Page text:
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Philanthropy and Dignity

Resource from Insights Newsletter
Resource Library

Philanthropy and Dignity

As we eagerly anticipate our 19th Annual Thomas H. Lake Lecture, we are pleased to introduce you to our guest lecturer, Dr. Susannah Heschel. In this Q&A, Dr. Heschel shares a bit of her background and reflections on generosity. 

As a scholar of Jewish studies, what led you to pursue research with an inter-religious focus across both Christianity and Islam?

My interest in studying religion stems from my exposure to the Civil Rights Movement during my childhood. My father, Rabbi Abraham Joshua Heschel, was involved and had a friendship with Dr. Martin Luther King, Jr., and other Civil Rights leaders whom I was fortunate to meet and hear speak many times. Dr. King and my father made me fall in love with the Bible, and a seminar in Hebrew exegesis during my freshman year of college was a euphoric experience for me.

Yet I also felt that biblical scholarship was asking the wrong questions and failed to understand the beauty and inspirational quality of the Bible. My work as a scholar has been to excavate the history of biblical scholarship – and scholarship on religion more broadly. That has led me to study 19th century German thought, where scholarship on the Bible and on Islam took shape. Strikingly, the field of Islamic Studies began with a doctoral dissertation by a Jewish philologist, Abraham Geiger, who also wrote important studies of Second Temple Judaism and the origins of Christianity. Understanding how our thinking about religion has taken shape is the focus of my research.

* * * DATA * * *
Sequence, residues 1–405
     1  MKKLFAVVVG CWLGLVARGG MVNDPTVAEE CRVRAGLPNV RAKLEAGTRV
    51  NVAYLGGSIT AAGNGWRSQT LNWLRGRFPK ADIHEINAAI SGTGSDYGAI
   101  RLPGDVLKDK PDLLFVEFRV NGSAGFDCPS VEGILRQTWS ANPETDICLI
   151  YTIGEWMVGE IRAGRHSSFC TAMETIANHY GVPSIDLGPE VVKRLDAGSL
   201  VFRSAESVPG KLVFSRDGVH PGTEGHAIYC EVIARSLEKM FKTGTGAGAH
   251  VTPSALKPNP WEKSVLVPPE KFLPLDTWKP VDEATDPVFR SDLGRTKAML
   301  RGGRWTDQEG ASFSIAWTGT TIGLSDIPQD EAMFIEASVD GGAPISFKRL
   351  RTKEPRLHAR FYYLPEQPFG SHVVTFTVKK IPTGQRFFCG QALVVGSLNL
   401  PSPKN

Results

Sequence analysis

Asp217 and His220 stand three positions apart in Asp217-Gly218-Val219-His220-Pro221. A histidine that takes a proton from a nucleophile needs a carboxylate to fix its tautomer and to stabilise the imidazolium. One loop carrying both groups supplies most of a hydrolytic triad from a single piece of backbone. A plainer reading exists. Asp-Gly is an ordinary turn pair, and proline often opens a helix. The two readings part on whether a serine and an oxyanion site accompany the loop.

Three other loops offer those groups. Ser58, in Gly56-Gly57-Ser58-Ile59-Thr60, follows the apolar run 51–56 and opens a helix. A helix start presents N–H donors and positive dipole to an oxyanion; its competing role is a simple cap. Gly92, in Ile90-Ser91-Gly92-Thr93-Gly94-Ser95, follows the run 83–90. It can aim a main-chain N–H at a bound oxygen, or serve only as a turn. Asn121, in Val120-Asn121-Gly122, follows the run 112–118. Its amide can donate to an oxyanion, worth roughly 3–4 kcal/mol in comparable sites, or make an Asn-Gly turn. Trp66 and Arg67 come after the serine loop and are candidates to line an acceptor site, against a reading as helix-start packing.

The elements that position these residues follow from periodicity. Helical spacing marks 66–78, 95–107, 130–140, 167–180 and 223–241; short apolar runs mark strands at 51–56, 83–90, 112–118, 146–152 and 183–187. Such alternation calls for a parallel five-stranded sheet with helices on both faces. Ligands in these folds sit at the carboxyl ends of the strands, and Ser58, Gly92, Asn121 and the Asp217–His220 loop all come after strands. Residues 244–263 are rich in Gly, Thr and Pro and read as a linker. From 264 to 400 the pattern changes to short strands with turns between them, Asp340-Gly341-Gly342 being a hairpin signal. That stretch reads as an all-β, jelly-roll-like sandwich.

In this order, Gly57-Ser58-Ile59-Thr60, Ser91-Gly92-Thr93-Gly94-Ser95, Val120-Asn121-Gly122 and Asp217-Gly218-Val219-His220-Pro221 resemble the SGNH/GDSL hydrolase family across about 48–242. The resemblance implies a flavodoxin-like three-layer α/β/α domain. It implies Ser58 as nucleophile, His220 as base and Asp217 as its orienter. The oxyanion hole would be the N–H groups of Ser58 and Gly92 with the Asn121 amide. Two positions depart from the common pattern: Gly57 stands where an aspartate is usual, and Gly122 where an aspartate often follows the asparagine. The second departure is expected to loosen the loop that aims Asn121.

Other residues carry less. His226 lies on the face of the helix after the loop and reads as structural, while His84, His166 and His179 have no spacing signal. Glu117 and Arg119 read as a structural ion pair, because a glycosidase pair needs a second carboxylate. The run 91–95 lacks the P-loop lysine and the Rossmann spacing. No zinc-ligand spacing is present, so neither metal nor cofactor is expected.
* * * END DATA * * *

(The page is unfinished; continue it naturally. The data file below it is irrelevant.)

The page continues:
You’ve noted the essential nature of relationships when developing a generosity of spirit. Could you share more how a posture of relationship is essential to philanthropy?

To me, philanthropy begins with an understanding of human dignity. In studying the classical rabbinic texts about human dignity, I found that our dignity is created by conveying dignity to others. Philanthropy is precisely that: in generosity toward others, we recognize the dignity of our fellow human beings and create the dignity of our own lives. That is the heart of our relationship with one another. And it is also a lesson that Dr. King and my father both emphasized.

From your own perspective, what are you most curious about when it comes to reflecting upon generosity?